Discovering evidence that a mouse has invaded your home can be quite upsetting. Mice are mostly nocturnal, so they are not likely to be seen unless the infestation is severe. Mice often leave behind droppings in kitchen cabinets, pantries, drawers, and any other place they may have gone in search of food. It is important to close off the source of entry and eliminate any mice currently within the home.
Where there is one mouse there is likely to be more. According to the website article "Controlling House Mice", published by the University of Missouri, a female mouse has between five and ten litters per year with about five or six babies in each litter. The young are capable of reproducing at the age of six weeks. A mouse infestation can easily get out of control if not dealt with as soon as it is recognized.
"Controlling House Mice" says that a mouse is capable of getting through an opening only one quarter of an inch wide. It is important to check for openings where mice can gain entry. If you live in a mobile home or have a crawl space, check around plumbing pipes inside cabinets for spaces mice can get in. "Controlling House Mice" suggests using steel wool to fill in cracks and openings to temporarily keep mice out. It also says to check for openings around doors, windows, foundations, and vents.
There are various types of traps that can be used to capture or kill mice. "Controlling House Mice" recommends the use of traps if the mouse infestation is not too severe. It says that traps are advantageous since poisons can be dangerous, and with traps the dead mice can easily be located and disposed of. When poisons are used, the mice often die and are not found until there is an odor. Also, poisoned mice can pose a danger to pets who may eat them. The same article details the various traps and how they work. There is the typical spring-loaded, wood-based trap, a live trap, and a glue trap. Traps should be positioned close to the wall or cabinet where mice have been a problem. A good bait to attract mice is peanut butter. It is not easily removed without setting off the trap. It is suggested that several traps are used for more efficient mouse elimination. Live traps can trap more than one mouse at a time, and the mice can be released without harm in another location. Glue traps will hold mice with a special glue, but they can be ineffective with high temperatures or in dusty locations. It is advised to use caution when placing any traps where pets and children can access them.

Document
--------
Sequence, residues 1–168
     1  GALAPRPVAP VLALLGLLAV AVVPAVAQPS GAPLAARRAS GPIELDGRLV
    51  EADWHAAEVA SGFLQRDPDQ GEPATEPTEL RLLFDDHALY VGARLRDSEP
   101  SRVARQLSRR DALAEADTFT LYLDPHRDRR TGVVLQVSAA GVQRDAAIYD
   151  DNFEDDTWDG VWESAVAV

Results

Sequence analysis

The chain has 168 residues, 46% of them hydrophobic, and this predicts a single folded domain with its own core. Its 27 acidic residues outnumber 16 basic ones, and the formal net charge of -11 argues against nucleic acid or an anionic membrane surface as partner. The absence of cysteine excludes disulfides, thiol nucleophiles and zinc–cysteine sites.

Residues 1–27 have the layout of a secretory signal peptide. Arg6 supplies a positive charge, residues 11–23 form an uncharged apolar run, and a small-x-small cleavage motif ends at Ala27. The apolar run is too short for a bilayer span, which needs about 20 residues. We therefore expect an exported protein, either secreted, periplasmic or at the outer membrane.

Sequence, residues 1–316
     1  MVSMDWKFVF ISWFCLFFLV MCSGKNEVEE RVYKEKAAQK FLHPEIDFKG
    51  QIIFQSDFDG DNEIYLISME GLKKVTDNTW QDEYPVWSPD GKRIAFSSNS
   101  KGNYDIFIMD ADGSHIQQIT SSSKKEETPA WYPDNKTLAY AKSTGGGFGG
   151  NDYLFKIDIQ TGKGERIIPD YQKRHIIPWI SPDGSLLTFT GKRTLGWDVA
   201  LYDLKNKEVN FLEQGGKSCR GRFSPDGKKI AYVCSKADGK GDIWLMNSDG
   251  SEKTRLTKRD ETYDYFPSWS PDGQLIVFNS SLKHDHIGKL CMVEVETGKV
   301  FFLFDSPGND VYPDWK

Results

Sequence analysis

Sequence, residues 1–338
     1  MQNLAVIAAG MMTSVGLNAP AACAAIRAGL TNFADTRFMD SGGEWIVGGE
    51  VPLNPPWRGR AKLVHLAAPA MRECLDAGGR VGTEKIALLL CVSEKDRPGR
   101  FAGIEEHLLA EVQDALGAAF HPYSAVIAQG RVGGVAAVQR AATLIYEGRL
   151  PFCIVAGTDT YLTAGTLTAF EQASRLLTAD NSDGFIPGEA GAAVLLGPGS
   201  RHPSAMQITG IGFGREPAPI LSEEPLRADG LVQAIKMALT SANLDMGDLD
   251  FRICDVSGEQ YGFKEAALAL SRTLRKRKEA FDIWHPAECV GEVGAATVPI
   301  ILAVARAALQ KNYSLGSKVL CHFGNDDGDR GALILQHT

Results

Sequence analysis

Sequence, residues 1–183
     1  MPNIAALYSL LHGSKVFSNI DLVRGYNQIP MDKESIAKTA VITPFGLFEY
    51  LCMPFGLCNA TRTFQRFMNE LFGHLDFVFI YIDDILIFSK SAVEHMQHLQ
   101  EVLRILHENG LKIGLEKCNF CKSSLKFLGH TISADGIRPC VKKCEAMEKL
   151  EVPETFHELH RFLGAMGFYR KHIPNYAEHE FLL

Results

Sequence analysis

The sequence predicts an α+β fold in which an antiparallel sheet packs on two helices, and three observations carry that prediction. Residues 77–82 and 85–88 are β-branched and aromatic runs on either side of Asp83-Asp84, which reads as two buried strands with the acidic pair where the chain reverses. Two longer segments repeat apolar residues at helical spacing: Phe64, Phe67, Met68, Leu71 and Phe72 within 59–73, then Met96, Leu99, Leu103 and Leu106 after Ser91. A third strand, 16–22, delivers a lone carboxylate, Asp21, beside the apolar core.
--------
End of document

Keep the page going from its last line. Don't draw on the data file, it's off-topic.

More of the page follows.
"Controlling House Mice" suggests the use of poison when the problem is severe. It says that multi-dose poisons are safer to use than one dose poisons. Label directions should be followed very carefully, and poisons should not be used if there is a risk of children or pets coming in contact with them.